If we return to the thought of this yoke of Torah being a connector that fastens each of us to God, how might this spare us the burdens of citizenship and earning a livelihood? I think it refers on one hand to integrity and on the other hand to faith itself.

Let’s look at faith first since it’s the easier argument to build: Faith–no matter what that faith is–can become an internal system of support. In troubled times, prayer and an understanding that God’s will, if unseen, is present can offer a great amount of comfort–and from this comfort, we can derive strength with which to proceed strongly, firmly, and upright. In good times, faith fortifies our happiness, gives us some entity to direct our gratitude towards, and allows us an opportunity to become even more proficient in the habits and convictions that led us to such good times, and this will prepare us further for those less-than-good times, too. Therefore, in an emotional and mental way, this yoke of Torah does spare us from some of the burdens that the demands of citizenship and earning a livelihood subject us to.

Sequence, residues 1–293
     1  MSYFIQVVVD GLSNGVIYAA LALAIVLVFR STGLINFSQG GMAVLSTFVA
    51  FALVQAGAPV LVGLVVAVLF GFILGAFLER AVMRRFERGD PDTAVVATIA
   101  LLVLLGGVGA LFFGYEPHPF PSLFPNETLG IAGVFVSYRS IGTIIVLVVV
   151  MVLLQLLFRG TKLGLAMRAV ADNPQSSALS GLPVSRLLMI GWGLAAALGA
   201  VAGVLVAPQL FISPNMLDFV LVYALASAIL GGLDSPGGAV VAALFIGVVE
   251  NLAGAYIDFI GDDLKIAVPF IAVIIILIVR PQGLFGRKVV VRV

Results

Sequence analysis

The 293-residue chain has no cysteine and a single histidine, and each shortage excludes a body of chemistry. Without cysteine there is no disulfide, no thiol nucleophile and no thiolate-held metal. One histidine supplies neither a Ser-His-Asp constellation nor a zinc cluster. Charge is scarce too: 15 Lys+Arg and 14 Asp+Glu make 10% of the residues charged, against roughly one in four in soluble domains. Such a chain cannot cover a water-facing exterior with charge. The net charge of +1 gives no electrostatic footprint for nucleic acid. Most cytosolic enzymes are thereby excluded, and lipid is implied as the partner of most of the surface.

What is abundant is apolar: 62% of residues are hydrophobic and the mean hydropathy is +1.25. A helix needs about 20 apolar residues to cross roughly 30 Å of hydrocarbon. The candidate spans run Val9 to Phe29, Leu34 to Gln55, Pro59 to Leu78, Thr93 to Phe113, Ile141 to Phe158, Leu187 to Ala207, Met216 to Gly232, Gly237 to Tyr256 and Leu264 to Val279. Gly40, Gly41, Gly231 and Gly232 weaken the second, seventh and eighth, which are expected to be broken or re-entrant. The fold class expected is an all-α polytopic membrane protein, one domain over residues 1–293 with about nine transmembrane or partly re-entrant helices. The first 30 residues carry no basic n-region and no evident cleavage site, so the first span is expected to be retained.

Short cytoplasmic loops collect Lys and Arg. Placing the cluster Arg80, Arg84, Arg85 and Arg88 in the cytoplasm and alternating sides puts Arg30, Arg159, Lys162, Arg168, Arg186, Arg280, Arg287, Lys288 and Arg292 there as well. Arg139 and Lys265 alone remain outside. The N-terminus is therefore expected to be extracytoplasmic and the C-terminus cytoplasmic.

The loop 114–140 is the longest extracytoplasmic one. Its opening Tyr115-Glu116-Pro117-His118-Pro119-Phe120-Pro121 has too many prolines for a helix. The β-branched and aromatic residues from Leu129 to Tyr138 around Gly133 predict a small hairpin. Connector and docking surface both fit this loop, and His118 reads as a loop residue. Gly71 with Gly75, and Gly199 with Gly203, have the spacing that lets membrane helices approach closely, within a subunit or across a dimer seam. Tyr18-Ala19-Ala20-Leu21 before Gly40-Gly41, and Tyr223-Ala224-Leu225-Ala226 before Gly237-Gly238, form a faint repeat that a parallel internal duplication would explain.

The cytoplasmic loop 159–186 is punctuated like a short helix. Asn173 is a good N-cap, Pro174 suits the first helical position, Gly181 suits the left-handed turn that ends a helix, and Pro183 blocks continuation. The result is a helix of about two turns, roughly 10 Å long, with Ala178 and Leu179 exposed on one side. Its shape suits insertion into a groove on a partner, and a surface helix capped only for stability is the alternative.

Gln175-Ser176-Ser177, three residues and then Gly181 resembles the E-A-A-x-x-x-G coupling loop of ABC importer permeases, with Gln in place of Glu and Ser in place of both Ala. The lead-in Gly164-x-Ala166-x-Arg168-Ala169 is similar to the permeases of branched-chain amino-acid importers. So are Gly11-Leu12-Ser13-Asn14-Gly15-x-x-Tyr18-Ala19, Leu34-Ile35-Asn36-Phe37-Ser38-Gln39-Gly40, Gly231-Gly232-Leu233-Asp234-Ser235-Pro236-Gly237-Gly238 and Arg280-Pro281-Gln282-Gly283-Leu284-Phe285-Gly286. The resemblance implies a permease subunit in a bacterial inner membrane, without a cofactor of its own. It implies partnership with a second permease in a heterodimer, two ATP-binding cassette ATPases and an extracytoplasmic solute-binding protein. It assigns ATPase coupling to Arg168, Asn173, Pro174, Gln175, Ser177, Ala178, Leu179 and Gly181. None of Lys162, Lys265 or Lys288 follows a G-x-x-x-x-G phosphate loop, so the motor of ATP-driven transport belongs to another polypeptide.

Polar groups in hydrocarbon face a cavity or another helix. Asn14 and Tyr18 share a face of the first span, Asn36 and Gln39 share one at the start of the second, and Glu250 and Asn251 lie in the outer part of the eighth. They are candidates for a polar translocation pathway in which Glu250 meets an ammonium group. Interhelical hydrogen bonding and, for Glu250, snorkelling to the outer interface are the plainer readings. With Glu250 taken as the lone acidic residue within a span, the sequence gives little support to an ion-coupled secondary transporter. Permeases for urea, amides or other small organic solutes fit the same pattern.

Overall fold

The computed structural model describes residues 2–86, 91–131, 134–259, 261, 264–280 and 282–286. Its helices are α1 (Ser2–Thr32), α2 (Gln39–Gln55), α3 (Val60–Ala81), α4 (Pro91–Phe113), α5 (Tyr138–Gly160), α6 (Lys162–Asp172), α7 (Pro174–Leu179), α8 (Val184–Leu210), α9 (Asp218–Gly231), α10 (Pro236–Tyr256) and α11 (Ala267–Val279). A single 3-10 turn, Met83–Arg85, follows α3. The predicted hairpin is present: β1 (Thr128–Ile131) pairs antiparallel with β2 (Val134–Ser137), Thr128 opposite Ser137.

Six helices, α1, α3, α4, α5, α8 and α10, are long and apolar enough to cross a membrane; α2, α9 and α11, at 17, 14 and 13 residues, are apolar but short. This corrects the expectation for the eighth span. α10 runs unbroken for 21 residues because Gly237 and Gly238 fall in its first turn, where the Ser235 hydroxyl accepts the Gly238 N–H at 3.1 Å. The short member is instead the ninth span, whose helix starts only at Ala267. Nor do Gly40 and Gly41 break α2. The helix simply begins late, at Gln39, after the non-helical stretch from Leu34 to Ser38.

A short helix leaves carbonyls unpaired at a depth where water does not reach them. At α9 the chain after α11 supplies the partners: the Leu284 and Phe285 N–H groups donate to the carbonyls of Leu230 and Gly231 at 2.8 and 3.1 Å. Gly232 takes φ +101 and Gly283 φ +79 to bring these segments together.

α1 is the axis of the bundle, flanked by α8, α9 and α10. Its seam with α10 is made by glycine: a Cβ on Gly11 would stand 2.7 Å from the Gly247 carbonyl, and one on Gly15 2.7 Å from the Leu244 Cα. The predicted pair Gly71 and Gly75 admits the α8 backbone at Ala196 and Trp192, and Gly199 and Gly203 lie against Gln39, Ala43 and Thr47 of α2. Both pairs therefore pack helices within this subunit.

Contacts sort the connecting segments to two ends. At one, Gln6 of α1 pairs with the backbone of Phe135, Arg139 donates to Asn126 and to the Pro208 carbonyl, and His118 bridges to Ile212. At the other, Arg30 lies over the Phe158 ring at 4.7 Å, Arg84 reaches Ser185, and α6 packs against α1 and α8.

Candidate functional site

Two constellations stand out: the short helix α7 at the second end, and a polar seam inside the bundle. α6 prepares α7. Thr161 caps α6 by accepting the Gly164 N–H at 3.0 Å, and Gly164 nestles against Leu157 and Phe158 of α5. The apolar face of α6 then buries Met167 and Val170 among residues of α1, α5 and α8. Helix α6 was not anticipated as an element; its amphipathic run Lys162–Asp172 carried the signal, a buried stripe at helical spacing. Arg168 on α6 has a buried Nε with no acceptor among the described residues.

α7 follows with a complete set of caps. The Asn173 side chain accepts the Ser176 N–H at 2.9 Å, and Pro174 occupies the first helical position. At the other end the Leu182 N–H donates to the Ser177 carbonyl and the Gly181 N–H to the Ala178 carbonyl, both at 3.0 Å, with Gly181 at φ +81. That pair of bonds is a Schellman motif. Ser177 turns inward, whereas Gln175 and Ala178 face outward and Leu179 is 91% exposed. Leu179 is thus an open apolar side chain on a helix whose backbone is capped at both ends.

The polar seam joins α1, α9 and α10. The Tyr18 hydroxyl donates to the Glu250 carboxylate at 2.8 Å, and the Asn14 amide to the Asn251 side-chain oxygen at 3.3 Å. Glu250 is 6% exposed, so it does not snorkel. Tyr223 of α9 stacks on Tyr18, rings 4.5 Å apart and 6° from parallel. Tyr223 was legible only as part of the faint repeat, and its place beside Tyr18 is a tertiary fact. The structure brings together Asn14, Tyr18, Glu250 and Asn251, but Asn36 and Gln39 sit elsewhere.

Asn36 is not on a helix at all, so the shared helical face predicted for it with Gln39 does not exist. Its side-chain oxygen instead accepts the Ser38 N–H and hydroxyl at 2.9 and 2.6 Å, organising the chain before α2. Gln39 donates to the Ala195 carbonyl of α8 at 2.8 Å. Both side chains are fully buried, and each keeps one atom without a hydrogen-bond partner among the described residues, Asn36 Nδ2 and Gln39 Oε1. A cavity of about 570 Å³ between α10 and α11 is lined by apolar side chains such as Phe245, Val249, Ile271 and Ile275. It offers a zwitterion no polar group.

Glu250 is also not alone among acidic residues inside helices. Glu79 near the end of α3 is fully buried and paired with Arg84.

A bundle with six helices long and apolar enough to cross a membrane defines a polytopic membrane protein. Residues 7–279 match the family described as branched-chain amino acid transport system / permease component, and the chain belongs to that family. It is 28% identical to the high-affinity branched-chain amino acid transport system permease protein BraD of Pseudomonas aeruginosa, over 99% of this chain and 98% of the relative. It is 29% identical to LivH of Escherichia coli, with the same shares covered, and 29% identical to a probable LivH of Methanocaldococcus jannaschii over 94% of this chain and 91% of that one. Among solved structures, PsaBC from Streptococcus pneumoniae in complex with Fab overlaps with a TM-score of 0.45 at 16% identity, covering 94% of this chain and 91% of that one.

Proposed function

When we recognize that the Torah is essentially a law code instructing righteous behavior, the argument for integrity becomes easier to make. However, before we proceed, a definition of “integrity” is needed: Integrity is a measure of how closely you observe your own morals and code of ethics. If I believe timeliness is a virtue and I make it a point to always be on time, that shows integrity. However, if I believe lying is lowly, but I lie nonetheless, that is a reflection of poor integrity. With this definition, integrity becomes the opposite of hypocrisy. The root of the word, so I’ve now read, is the same root as the mathematical word “integer”–and just as an integer has a whole value, those who have integrity are considered “whole”–their actions are at one with their beliefs and they remain consistent with their actions and their beliefs over time.